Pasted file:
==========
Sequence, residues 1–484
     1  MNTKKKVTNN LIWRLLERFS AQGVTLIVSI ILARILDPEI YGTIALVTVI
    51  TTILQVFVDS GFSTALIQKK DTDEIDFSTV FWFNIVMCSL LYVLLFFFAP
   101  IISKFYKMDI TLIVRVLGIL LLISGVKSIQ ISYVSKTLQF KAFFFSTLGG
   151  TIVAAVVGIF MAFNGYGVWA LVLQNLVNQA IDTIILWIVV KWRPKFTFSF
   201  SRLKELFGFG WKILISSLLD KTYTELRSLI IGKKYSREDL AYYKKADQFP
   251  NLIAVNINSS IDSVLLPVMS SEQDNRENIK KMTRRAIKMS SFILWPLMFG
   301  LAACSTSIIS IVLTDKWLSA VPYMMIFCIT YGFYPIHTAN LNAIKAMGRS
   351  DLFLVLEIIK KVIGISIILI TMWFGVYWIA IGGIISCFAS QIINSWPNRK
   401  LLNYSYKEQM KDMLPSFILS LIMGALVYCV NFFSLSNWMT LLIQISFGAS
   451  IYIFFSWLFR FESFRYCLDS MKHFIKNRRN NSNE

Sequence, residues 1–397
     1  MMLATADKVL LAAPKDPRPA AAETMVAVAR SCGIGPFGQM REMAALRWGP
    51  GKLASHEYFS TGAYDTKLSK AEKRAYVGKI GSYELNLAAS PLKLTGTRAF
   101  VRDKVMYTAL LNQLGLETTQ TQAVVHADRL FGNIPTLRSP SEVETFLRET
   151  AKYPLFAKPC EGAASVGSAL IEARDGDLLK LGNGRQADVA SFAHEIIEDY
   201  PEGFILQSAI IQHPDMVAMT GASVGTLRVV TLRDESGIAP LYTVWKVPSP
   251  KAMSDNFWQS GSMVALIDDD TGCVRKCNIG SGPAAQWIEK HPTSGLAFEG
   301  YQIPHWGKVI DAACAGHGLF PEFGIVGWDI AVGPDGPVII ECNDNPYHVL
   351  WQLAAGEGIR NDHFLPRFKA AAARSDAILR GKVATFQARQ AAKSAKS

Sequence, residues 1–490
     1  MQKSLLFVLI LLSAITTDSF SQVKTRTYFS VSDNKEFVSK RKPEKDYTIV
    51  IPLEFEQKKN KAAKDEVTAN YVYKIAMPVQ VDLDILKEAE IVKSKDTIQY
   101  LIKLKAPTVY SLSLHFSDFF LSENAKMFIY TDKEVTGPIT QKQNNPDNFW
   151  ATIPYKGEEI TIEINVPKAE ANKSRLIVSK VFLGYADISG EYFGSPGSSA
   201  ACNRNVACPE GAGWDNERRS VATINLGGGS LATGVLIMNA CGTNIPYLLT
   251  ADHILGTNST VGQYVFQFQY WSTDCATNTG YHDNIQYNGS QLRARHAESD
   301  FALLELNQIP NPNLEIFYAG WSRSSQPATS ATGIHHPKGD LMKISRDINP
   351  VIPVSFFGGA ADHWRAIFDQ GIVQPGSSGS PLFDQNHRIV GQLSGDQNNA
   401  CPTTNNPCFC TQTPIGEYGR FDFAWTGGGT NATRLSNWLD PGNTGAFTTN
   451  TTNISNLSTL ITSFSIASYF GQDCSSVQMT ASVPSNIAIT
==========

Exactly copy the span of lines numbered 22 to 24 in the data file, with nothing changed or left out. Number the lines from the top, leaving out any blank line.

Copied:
     1  MQKSLLFVLI LLSAITTDSF SQVKTRTYFS VSDNKEFVSK RKPEKDYTIV
    51  IPLEFEQKKN KAAKDEVTAN YVYKIAMPVQ VDLDILKEAE IVKSKDTIQY
   101  LIKLKAPTVY SLSLHFSDFF LSENAKMFIY TDKEVTGPIT QKQNNPDNFW